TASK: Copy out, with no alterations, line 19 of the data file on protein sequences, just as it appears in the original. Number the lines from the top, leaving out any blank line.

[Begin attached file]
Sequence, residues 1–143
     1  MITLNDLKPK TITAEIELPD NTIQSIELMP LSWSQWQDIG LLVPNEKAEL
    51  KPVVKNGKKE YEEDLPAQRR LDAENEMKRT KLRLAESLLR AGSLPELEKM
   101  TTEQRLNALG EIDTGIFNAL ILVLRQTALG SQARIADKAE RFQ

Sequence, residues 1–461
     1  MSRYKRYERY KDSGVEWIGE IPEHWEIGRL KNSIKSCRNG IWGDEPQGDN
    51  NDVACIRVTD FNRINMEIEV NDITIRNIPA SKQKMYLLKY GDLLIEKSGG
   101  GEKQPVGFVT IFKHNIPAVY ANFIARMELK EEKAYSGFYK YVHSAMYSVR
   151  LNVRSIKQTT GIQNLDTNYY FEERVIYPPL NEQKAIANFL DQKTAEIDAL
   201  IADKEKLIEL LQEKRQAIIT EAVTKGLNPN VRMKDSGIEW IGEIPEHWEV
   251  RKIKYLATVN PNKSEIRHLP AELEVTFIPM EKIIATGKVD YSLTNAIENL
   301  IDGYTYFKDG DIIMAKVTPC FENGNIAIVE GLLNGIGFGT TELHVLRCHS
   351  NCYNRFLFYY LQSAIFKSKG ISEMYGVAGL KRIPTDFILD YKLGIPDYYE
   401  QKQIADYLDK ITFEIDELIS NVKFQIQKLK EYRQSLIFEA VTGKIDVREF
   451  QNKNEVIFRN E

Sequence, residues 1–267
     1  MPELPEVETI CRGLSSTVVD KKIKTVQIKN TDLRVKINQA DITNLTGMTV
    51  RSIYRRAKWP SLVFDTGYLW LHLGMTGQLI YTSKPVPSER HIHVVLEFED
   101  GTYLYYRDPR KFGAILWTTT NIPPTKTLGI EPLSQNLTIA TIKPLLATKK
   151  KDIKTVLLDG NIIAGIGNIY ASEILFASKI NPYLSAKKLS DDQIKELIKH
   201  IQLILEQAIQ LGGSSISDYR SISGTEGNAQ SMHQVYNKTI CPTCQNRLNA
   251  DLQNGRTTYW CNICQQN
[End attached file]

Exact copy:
   101  GTYLYYRDPR KFGAILWTTT NIPPTKTLGI EPLSQNLTIA TIKPLLATKK